Spread the love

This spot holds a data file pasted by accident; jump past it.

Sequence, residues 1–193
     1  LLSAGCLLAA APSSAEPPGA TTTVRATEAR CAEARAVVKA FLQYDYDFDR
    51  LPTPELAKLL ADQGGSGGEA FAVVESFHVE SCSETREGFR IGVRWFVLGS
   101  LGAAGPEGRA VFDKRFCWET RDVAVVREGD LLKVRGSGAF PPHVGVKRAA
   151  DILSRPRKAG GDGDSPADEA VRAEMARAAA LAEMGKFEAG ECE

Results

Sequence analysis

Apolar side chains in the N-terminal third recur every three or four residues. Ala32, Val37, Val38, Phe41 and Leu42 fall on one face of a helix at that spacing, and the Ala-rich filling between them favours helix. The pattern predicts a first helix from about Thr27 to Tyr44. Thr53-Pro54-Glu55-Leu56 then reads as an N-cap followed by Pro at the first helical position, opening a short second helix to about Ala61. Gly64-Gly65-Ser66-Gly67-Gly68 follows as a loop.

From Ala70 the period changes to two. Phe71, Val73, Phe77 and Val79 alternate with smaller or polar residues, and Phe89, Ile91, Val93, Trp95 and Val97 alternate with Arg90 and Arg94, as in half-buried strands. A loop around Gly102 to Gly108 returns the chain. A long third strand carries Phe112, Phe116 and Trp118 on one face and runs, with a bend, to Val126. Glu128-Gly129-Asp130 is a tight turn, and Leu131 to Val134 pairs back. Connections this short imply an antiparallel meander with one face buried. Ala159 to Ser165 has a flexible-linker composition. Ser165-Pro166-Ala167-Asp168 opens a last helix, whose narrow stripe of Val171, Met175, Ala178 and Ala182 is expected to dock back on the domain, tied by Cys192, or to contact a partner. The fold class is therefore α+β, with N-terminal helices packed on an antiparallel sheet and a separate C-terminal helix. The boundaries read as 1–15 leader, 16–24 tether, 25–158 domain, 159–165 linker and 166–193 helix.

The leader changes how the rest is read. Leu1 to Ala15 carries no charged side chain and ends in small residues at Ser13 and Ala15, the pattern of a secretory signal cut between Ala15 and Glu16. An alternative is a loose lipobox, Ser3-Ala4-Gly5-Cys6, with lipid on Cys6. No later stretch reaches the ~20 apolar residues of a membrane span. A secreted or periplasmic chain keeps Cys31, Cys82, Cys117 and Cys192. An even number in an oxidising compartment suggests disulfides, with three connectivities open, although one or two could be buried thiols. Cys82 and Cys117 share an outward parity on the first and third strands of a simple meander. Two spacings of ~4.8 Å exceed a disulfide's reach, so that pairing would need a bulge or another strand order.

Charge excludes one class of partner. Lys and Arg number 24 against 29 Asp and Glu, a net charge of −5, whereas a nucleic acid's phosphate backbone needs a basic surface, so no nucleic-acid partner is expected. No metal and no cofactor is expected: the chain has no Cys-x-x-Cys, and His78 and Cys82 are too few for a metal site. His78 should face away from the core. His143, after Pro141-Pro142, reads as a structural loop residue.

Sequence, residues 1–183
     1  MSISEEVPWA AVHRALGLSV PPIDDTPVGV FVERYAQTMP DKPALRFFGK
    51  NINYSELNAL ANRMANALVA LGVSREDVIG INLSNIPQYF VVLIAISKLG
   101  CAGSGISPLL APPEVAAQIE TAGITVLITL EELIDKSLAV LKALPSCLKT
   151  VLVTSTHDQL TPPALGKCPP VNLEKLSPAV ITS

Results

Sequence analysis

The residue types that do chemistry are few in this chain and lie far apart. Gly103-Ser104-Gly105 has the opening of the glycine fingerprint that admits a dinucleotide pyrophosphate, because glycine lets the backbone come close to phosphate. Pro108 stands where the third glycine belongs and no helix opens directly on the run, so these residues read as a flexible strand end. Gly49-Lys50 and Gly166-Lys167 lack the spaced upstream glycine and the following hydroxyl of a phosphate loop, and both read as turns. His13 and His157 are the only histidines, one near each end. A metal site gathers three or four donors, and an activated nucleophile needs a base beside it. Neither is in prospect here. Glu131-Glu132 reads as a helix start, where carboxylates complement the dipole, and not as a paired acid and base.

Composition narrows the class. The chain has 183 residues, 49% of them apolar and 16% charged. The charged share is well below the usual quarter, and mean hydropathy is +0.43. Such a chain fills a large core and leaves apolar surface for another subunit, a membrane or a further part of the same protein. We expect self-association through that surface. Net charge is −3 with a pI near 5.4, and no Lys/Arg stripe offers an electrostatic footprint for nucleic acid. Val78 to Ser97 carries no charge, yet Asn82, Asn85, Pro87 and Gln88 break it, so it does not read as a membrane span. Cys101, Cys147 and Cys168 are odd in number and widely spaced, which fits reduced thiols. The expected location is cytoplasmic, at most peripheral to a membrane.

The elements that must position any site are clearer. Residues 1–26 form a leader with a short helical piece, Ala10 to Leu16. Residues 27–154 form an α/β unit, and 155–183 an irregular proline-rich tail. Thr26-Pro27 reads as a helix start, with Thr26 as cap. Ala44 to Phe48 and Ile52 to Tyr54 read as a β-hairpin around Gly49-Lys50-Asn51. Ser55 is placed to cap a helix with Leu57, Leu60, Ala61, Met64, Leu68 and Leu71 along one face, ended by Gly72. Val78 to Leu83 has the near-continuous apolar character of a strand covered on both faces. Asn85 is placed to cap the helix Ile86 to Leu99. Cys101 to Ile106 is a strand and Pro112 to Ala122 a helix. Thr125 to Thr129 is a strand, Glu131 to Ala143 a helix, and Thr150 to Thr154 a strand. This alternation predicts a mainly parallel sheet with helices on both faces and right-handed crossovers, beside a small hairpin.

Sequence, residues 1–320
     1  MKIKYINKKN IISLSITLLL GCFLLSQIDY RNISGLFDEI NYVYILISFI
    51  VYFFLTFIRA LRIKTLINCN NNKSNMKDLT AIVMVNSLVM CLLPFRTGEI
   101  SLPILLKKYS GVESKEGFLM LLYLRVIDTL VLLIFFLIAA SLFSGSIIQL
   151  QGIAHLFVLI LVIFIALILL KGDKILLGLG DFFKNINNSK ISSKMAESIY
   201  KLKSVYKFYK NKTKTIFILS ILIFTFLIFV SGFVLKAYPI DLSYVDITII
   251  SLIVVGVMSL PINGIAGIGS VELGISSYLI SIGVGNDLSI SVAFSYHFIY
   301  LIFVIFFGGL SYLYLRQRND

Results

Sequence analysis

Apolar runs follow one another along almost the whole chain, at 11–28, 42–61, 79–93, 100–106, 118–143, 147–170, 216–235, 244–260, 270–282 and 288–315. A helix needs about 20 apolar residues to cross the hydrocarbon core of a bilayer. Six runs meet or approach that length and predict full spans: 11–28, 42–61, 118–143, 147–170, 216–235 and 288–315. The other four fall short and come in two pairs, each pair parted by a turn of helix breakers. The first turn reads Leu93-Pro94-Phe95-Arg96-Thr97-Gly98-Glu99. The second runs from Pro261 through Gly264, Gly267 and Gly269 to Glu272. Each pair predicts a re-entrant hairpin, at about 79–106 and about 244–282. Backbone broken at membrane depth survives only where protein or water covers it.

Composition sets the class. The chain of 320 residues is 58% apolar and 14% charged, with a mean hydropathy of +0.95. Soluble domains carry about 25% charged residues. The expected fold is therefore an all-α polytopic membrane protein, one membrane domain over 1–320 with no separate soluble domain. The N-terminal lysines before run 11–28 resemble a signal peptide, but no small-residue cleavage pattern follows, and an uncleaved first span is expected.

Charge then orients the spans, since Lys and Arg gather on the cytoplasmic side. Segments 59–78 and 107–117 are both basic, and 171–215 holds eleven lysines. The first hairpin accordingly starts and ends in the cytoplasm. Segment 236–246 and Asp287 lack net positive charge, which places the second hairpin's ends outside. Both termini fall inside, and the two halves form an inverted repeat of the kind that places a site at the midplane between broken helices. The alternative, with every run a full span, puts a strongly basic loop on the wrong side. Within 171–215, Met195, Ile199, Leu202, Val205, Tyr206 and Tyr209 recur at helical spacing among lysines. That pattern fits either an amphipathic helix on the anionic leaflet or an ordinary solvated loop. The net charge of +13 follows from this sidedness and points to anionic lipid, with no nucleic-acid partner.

The phylogenetic tree of life comprises mainly of Eubacteria (referring to eukaryotic organisms), Archaea and Bacteria (which are prokaryotic organisms).Eubacteria or Eukarya, Archaea and Bacteriaare the three primary groups of microorganisms and macroorganisms, and these are generally referred to as domains – which show the ancestry of these organisms according to phylogeny. Phylogeny is the branch of science that studies the evolutionary correlation amongst organisms using the genetic information encoded in their nucleic acids (i.e., DNA and RNA). However, microbial phylogeny (i.e., the study of the evolutionary relationship between microbes) can be best deduced and studied by using the ribonucleic acid (RNA) component of an organisms nucleic acid and this is because all microbial cells contain ribosomes (the cell structure or component that is composed of RNAs) with the exception of viruses. Ribosomes are the machinery responsible for the synthesis of proteins in a cell; and they are found in all microbial cells except viruses. Out of all the different types of RNA, it is the 16S ribosomal RNA (16S rRNA) that is mostly used when it comes to microbial phylogeny; and this is because this RNA does not undergo a faster rate of evolution like the others. And more so, the 16S rRNA is highly conserved amongst microbial cells especially the prokaryotes and eukaryotes.